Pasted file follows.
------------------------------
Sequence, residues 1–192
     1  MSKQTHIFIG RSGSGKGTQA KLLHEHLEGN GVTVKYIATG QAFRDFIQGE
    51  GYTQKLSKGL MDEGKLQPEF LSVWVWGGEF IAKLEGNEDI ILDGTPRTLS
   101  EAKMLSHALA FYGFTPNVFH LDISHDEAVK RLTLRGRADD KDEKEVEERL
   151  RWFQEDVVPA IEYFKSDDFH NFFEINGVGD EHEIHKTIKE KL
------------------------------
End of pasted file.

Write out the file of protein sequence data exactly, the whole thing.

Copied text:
Sequence, residues 1–192
     1  MSKQTHIFIG RSGSGKGTQA KLLHEHLEGN GVTVKYIATG QAFRDFIQGE
    51  GYTQKLSKGL MDEGKLQPEF LSVWVWGGEF IAKLEGNEDI ILDGTPRTLS
   101  EAKMLSHALA FYGFTPNVFH LDISHDEAVK RLTLRGRADD KDEKEVEERL
   151  RWFQEDVVPA IEYFKSDDFH NFFEINGVGD EHEIHKTIKE KL